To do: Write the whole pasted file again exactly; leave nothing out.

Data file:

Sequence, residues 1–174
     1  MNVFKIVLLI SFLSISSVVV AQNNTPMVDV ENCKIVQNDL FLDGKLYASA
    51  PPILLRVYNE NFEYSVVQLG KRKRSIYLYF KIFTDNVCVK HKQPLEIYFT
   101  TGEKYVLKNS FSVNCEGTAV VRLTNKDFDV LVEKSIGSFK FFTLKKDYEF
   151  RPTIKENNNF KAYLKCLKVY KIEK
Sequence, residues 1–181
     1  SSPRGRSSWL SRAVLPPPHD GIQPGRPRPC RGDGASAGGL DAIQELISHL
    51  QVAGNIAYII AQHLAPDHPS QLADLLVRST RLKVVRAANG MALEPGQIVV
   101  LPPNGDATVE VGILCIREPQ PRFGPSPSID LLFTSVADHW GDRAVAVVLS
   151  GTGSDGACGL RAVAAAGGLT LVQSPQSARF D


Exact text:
Sequence, residues 1–174
     1  MNVFKIVLLI SFLSISSVVV AQNNTPMVDV ENCKIVQNDL FLDGKLYASA
    51  PPILLRVYNE NFEYSVVQLG KRKRSIYLYF KIFTDNVCVK HKQPLEIYFT
   101  TGEKYVLKNS FSVNCEGTAV VRLTNKDFDV LVEKSIGSFK FFTLKKDYEF
   151  RPTIKENNNF KAYLKCLKVY KIEK
Sequence, residues 1–181
     1  SSPRGRSSWL SRAVLPPPHD GIQPGRPRPC RGDGASAGGL DAIQELISHL
    51  QVAGNIAYII AQHLAPDHPS QLADLLVRST RLKVVRAANG MALEPGQIVV
   101  LPPNGDATVE VGILCIREPQ PRFGPSPSID LLFTSVADHW GDRAVAVVLS
   151  GTGSDGACGL RAVAAAGGLT LVQSPQSARF D